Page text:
Anyway, I guess Liz is still working on The VIPs with Dick (a movie I have never seen, which she forced him to get her cast in). Her life is a mess – still, again — but at least she looks totally fantastic in this giant fur hat and bitchin’ sunglasses:
And The Nanny’s Mr Sheffield is her director! (On Twitter, one of you brilliantly pointed out that Elizabeth Taylor herself guested on the The Nanny once — which, what? — so this is kind of a nice inside-baseball moment. Although if we were going in that direction, she was also the voice of Maggie Simpson, so it would have been great if Marge had popped up as a beehive-loving hairdresser.)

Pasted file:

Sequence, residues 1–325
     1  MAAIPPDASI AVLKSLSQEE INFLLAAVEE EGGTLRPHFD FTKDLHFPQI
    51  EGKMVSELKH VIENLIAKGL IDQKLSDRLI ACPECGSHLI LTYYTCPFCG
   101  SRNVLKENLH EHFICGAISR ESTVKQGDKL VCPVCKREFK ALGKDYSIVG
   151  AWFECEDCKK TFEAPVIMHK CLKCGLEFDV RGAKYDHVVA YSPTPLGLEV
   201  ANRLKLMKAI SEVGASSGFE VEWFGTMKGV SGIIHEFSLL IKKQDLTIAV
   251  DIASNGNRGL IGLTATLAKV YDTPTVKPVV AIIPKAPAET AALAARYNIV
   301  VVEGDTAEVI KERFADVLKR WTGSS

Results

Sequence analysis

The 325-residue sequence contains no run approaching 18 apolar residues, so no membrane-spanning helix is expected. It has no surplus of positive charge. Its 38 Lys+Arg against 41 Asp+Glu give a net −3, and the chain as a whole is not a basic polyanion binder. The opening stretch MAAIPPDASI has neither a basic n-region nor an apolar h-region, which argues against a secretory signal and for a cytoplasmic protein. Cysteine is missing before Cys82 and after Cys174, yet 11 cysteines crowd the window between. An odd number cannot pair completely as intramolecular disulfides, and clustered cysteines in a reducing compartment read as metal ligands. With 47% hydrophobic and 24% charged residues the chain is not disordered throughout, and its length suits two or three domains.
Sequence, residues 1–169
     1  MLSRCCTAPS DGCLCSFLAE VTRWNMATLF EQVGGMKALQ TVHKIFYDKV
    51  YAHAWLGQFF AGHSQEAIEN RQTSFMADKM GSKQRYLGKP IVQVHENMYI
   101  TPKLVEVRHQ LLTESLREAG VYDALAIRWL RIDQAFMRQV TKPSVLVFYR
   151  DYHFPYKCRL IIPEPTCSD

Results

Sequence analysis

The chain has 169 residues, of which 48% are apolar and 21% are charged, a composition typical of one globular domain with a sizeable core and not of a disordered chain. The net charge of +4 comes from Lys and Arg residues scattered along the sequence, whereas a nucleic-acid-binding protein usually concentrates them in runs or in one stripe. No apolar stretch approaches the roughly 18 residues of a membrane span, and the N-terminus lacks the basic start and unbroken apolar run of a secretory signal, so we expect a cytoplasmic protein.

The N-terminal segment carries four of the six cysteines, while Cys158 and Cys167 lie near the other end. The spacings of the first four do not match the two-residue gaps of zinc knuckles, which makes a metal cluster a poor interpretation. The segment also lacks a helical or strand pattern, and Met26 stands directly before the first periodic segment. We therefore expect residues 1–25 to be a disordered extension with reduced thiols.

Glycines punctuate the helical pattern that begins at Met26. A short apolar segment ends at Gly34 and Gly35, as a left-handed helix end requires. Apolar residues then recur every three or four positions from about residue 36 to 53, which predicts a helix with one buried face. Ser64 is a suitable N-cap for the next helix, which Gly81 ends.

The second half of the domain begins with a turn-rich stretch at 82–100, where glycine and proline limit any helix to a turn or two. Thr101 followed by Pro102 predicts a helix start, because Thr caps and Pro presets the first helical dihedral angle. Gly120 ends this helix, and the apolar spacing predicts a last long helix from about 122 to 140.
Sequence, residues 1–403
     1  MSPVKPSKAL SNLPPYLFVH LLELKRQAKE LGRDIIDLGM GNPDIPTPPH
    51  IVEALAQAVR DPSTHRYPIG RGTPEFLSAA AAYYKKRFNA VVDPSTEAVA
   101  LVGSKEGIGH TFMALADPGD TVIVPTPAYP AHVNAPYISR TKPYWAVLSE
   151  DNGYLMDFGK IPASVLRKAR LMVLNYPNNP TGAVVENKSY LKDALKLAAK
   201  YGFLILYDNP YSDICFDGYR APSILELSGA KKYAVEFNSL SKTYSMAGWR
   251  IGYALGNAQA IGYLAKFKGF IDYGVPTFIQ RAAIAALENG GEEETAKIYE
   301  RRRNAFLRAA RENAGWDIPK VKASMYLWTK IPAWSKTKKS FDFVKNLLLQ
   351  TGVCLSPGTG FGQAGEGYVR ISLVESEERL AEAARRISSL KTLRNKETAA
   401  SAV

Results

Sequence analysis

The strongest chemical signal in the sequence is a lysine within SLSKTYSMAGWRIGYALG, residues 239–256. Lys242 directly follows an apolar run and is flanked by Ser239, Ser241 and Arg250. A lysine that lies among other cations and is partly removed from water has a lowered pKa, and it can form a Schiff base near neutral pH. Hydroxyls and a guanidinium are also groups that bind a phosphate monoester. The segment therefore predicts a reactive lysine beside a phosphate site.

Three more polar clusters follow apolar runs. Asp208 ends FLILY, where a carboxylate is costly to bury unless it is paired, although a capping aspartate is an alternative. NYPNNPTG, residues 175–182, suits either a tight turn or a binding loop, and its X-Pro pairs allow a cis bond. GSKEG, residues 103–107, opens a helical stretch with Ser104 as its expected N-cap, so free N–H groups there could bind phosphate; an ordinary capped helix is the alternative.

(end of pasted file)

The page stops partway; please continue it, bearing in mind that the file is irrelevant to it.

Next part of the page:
It turns out that the hat Liz wore to set is also the hat she wears in that morning’s scene with Dick, which makes me think that SOMEONE needs to be policing Miss Taylor’s wardrobe more carefully. Anyway, this scene they’re filming is RIFE with PERSONAL MEANING, and so of course Liz picks a huge fight with Dick about it — in which he calls her “MISS BOSSY BOOTS TAYLOR” because SNAP –because this movie decided to make Elizabeth Taylor a giant spoiled brat. I am sure Taylor was occasionally petulant — she was a child star and the most famous woman in the world, after all — but she was also the first major celebrity to champion AIDS research (Wikipedia says she helped raise over $270 million dollars for it), a cofounder of amfAR (after her friend Rock Hudson died), and gave half a million dollars to help Katrina victims who couldn’t get HIV treatments in the wake of the hurricane. I know this movie isn’t a straight biopic, and all of that is out of its sphere, but I’m honestly kind of annoyed on her behalf that they’ve made her look like such a dipshit.